As a young girl I wrote stories, poems, and even a screenplay that my sisters and a friend put on one summer in our back yard. Middi Money Goes to Hollywood was a smashing success with the audience of birds, squirrels, and bugs. Stories just seem to be a big part of my life.
I see stories in the people, places and activities that populate my daily life. I love to take something that happened and make a great story out of it. Thankfully, I seem to have a plethora of instances that make amusing stories. Sometimes, okay, most of the time, I embellish and expound to really give the story punch. The basic story is true; it just has been given a touch of my own brand of spice. It has always been a given in my mind that someday I would take a story and write a fiction book. Hopefully, a best seller.
As I write this blog entry I am contemplating how to move forward on the book proposal I am working on. The story that is the basis of this book is a true story; it is not fiction, I cannot add spice to it and I truly wish I were not in a position to write it. It is a horrendous story of how a disease has stolen my mother from me, while she continues to live.
Mom has Lewy Body Dementia (LBD.) In the last year it has become part of my purpose to expose more people to this disease. In that vein, I have added a page to my website about it and I write my book. Please visit the Lewy Body Dementia page to learn more about the disease.
When the diagnosis first came I and my family began to look for information and resources. There were few. Many have never heard of LBD; I have worked in the medical field for 20 years and had never heard of it. In my search for information I did find the Lewy Body Dementia Association web site.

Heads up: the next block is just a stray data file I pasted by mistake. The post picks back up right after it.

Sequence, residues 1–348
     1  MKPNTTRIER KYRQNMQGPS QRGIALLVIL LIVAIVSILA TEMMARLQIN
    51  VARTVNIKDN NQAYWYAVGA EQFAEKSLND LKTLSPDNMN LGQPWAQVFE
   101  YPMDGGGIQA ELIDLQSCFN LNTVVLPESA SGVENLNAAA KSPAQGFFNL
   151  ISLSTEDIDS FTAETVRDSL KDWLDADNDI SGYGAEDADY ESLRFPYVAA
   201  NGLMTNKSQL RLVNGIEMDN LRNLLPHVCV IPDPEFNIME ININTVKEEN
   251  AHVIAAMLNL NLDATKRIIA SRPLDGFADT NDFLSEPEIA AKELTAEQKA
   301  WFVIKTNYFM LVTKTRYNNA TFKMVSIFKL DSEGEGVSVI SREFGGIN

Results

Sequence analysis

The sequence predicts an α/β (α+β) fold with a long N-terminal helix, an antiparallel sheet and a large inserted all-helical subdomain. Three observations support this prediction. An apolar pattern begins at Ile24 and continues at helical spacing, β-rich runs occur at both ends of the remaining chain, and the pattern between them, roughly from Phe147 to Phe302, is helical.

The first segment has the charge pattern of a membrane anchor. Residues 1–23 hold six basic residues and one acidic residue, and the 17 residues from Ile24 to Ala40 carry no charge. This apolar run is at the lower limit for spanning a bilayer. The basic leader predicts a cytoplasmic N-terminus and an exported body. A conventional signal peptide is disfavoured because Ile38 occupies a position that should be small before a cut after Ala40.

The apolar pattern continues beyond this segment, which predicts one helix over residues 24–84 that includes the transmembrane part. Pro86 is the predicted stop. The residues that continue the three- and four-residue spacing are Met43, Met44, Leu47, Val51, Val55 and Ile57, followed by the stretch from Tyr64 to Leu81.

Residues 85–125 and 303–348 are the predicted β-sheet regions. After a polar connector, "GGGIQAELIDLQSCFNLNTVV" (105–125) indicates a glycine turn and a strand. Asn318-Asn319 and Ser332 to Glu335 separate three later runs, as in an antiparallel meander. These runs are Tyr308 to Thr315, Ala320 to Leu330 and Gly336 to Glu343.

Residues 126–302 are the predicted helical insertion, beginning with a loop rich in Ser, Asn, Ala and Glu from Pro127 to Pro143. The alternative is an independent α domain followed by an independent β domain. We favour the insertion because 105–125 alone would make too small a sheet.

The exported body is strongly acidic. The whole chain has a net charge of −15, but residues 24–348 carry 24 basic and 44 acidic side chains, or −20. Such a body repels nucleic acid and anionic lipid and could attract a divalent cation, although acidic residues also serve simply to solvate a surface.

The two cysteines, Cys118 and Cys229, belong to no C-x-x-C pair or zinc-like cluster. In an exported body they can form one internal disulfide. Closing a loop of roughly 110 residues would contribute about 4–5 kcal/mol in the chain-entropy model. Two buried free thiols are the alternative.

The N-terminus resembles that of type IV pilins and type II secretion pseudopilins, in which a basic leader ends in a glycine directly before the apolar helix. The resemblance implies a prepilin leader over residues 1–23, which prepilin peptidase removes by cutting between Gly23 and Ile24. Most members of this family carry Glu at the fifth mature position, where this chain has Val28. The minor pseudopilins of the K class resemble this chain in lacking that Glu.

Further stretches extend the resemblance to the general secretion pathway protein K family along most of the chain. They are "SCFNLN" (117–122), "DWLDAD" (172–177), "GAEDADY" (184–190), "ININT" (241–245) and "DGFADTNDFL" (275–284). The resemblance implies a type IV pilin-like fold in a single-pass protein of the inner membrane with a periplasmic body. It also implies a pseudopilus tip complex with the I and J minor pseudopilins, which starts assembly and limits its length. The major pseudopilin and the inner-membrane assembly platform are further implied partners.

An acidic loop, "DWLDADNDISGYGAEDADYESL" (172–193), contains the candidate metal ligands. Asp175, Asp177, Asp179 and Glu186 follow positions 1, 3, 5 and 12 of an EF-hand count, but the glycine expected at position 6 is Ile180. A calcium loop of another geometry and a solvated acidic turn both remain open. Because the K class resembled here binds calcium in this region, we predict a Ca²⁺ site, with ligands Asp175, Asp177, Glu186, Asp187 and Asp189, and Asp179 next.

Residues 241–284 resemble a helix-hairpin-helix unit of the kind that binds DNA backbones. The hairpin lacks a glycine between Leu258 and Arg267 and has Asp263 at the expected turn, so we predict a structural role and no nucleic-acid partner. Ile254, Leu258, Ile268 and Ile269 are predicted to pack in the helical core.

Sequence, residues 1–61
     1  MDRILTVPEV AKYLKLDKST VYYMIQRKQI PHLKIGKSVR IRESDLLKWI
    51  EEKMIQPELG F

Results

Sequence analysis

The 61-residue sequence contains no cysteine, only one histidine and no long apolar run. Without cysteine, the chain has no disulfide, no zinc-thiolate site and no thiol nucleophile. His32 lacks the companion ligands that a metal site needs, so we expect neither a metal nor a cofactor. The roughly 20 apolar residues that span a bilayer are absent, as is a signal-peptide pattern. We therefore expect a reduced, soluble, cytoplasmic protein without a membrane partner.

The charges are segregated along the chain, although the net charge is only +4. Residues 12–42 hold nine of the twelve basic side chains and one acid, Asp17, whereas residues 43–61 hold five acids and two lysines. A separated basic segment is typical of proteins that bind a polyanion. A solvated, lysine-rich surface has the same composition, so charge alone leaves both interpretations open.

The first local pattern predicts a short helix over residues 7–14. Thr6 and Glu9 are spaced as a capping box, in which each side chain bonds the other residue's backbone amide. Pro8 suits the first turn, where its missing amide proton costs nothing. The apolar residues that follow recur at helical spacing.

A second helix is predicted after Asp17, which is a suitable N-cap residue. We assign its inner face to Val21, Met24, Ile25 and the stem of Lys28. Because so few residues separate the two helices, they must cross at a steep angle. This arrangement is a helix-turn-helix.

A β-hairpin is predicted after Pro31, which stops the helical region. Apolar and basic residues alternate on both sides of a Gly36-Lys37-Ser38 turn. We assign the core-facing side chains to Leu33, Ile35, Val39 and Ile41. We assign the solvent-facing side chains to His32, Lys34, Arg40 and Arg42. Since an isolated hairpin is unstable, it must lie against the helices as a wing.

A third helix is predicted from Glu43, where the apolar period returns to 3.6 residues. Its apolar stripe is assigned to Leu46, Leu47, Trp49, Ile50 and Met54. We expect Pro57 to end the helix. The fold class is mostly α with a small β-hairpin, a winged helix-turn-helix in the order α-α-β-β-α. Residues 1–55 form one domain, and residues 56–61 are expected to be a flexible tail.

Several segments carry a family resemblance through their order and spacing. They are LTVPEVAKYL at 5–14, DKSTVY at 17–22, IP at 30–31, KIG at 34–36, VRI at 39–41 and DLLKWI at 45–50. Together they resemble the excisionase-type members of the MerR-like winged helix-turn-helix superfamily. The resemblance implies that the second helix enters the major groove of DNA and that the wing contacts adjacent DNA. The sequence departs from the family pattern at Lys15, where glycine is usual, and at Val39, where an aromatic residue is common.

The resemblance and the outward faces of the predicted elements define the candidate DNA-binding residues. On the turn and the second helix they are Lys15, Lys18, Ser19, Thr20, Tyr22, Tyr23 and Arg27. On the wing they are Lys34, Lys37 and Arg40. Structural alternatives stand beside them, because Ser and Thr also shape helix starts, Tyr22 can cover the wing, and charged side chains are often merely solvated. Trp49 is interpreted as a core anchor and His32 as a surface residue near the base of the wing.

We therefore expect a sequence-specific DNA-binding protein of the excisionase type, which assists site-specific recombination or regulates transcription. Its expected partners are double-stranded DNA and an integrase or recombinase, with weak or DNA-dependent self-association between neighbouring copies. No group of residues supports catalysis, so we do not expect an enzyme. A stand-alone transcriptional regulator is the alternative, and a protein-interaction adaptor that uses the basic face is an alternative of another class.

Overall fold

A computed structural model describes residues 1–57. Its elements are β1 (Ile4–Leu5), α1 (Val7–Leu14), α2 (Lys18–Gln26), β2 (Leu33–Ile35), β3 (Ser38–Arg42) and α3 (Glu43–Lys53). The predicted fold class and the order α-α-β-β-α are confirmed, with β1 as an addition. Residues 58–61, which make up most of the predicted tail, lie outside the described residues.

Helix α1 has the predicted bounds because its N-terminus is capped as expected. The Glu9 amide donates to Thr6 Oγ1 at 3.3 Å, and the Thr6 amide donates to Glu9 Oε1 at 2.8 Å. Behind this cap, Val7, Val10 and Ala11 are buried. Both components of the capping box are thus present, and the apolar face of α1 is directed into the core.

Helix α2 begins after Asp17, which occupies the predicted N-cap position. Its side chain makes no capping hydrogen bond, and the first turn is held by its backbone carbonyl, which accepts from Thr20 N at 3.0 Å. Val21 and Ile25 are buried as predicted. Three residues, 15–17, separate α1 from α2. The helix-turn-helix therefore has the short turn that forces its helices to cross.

Every week I speak with people all over the country as a volunteer with the Lewy Body Dementia Association. This is emotionally hard, but I do it because I am in their shoes. I know the feeling of us being all alone in our journey through this time.
A few weeks ago I had calls that represented the full spectrum of LBD. I talked to one lady whose husband had just been diagnosed the previous week. The neurologist had very little practical information to pass along. The caller's husband is in his early 60s, still young and yet facing an uncertain future. The only certain thing about LBD is that it is currently incurable and it will get much worse before death.
I then fielded a call from a sweet lady in her 80s. Her husband had been living with LBD for a decade and he was "on death's door." She was making arrangements and wanted to find out how to donate to the association and to find out about donating his brain for LBD research.
I offered what I could to these people. Often, just talking with someone who understands is comfort enough.
I know that my writing about this situation isn't easy for my family members. I don't do this to cause discomfort. I do this because I believe strongly in doing what I can to make a difference in the battle against this enemy. The weapon I have been given is the ability to write. And so I write in hopes that someday we will experience victory. In hopes that in the future we will know enough about this disease to offer more than just compassion.